DIY home improvement – save money and learn new skills. We live in an amazing time. Information is at our fingertips with key supplies and tools easily delivered in a day.
We have numerous opportunities to learn new things. Sometimes we take those opportunities, sometimes we don’t. I’ve developed a philosophy over the last few years to at least attempt home repair or improvement projects. Go for it. The worst that can happen is you hire a pro. Gain some experience and new war stories in the process.
- Labor savings – when you hire a pro, it’s expensive. Most trades charge very high labor costs right now because there is a shortage of skilled labor during a period of high demand. People are spending more time at home during this pandemic and trying to make their home as functional and comfortable as possible. For example, cost of a small bathroom remodel (8×5 – 40 square foot):
For the small bathroom Sarah and I are remodeling. We have spent approximately $1470 in materials and new tools (total of 55 items).
- Personal satisfaction – the pride felt when you complete a project is great. I can point to different things in the house and comment, “I did that and here’s how it went…” These projects become my little war stories.
- Shared experiences – Sarah and I generally work on these projects together. We get the chance to talk, imagine, shop and make decisions together. When the project goes well, we share the satisfaction. When it goes bad, she provides perspective. We laugh about the mistakes and bungles afterwards. It’s also a great feeling to impress your spouse with your skills.
- Learn your limits – Over the years as you try things, you learn what is within reach and and beyond it. But, you can’t ever really know what you’re capable of if you never try anything new. And as you check off certain projects, your confidence to try other things grows. For example, because I changed the bathroom faucets in our master bathroom last year, I was confident enough to try replacing the other bathroom vanity/sink this year.
- Acquire new tools – the right tool can make or break the job – smooth sailing with it and without you’re in trouble. With every new project, I buy new tools. For this recent bathroom remodel, I acquired 10 new tools:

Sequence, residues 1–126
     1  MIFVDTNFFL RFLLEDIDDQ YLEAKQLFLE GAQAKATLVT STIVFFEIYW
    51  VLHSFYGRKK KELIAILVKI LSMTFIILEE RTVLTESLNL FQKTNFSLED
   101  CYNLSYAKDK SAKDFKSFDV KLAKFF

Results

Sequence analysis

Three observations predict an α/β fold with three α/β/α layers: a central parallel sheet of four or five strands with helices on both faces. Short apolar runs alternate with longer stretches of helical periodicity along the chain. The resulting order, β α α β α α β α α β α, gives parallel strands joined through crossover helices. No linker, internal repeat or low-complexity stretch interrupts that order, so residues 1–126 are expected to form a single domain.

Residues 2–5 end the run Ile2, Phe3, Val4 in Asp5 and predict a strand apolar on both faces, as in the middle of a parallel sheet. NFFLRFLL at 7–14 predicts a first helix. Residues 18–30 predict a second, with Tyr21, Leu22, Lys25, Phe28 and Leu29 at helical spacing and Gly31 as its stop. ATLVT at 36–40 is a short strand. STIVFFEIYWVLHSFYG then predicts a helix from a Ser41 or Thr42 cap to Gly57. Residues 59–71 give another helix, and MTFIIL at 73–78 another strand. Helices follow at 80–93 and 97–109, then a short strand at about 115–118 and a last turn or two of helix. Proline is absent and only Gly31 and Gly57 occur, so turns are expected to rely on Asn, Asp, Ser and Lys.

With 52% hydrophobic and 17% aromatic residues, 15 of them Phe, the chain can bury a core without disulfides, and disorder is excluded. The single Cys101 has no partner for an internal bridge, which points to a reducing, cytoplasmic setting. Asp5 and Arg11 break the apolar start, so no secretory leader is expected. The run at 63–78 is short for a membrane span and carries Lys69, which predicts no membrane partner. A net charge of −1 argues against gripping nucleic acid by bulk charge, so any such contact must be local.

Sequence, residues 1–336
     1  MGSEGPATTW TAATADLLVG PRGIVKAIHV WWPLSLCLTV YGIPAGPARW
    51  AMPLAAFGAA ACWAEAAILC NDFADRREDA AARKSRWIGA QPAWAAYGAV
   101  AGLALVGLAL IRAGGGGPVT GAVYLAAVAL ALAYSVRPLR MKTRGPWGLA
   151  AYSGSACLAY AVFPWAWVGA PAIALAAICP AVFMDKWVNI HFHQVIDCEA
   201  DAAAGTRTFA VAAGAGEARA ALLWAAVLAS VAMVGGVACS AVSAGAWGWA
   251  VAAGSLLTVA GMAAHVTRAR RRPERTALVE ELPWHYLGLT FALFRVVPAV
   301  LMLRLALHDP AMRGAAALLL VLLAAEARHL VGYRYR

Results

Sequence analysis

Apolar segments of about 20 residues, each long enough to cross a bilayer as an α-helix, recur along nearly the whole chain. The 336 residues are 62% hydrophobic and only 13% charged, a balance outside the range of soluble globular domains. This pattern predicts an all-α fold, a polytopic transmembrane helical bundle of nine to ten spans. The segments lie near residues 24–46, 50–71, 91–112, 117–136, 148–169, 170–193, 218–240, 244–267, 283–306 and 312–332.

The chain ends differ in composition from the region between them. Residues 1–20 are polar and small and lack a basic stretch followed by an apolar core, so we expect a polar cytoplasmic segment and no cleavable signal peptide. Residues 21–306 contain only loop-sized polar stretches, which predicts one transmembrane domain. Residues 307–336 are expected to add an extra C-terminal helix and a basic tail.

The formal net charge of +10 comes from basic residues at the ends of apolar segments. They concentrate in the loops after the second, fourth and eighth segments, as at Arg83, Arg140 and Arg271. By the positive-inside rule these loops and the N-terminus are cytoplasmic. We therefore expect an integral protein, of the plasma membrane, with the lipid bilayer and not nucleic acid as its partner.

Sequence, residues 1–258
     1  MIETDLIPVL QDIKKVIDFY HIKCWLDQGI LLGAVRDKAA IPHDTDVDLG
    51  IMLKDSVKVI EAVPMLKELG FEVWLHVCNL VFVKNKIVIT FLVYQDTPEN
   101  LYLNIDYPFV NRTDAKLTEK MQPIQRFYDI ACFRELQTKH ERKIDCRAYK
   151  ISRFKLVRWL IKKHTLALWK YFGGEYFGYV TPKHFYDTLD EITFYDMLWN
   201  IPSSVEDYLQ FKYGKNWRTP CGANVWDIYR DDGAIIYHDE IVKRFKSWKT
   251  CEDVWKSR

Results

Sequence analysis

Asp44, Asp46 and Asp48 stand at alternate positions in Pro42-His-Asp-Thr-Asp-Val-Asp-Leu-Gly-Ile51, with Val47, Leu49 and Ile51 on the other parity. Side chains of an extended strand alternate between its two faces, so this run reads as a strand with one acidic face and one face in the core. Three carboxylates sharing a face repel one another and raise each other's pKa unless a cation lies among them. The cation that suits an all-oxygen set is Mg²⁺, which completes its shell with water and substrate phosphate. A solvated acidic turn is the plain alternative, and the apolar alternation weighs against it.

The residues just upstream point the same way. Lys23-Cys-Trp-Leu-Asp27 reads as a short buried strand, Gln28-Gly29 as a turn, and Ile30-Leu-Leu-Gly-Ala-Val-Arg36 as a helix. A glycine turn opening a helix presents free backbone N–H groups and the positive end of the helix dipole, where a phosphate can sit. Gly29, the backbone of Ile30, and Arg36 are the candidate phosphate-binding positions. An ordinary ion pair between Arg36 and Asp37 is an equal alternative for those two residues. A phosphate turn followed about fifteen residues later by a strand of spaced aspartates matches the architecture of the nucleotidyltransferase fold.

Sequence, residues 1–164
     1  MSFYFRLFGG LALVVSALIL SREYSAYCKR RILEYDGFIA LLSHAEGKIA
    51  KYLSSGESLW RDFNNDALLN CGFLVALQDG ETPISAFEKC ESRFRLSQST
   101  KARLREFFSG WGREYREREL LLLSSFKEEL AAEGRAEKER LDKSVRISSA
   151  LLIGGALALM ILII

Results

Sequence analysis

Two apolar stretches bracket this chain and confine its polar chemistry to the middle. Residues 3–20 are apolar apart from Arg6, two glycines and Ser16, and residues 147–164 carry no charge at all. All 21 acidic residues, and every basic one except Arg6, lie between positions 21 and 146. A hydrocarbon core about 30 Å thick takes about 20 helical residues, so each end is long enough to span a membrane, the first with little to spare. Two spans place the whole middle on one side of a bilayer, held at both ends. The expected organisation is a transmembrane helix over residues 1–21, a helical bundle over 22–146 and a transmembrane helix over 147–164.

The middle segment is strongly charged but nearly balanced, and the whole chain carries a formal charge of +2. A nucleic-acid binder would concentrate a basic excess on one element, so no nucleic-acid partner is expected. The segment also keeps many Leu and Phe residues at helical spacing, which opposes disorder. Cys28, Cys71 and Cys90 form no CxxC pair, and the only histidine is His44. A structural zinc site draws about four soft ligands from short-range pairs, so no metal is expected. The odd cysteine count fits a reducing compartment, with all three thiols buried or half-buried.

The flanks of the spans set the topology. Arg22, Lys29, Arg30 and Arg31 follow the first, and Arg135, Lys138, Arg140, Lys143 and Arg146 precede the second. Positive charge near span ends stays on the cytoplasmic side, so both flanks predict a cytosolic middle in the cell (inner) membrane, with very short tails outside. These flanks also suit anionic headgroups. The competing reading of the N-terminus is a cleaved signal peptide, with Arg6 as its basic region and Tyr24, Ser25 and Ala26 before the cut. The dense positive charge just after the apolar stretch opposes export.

- miter saw (which I’m super excited about – $150 or 10% of the total project cost that gives me a ton more project capabilities in the future.
- Levels of a couple different sizes
- pry bar
- copper pipe cutter
- snips for 14 gauge metal
- New caulk gun
- New safety glasses
- Diamond tipped skilsaw blade for cutting tile
- Mixer extension for my drill
- Tile float tool
- Build valuable skills – with your new skills (plumbing, tile work, finish carpentry on this project) you develop abilities you can use to help others or for income. With the scope of skills I’ve picked up on this project, I’m now thinking of the possibility of tackling rental homes in the future. I think I’ve gained enough confidence through vanity replacement, fixture replacements, tile flooring, toilet installation, baseboard carpentry and flooring transition install, that I could do much of the maintenance/improvements.
- Avoid getting taken advantage of – learn the amount of skill and time involved for the job and even if you eventually hire a pro you’ll learn which ones you won’t attempt again.
Recent project: 2nd bathroom remodel
A great place to attempt projects is in your first home – a learning experience for your next home. If you make mistakes or the quality is subpar, better to learn on a less expensive home that you will sell or rent in the future. Here’s a couple pics so you get the idea of the scope of this project – I should have taken a before pic, but just imagine a 20 year old small bathroom, with shell sink and linoleum flooring. Here’s a couple of the messy middle:
YouTube provides quality project walkthroughs. Search how to overcome project problems and you will learn how common certain issues are. You will find you are not alone and someone has already solved the problem you’re struggling with.
Patience is key – give yourself plenty of time. Often the job takes longer than expected. Prepare to call a pro if needed. Reach out to friends or a neighborhood app for recommendations. You might even want to get a quote first to see what you’re looking at to hire the pro.
Amateur planning – often several trips are required to the home improvement store to get the project done – 8-10 for this one.
DIY home improvement – save money and learn new skills. Next time you see something small around your place that you’d like to change, watch a video or two for inspiration and then go for it.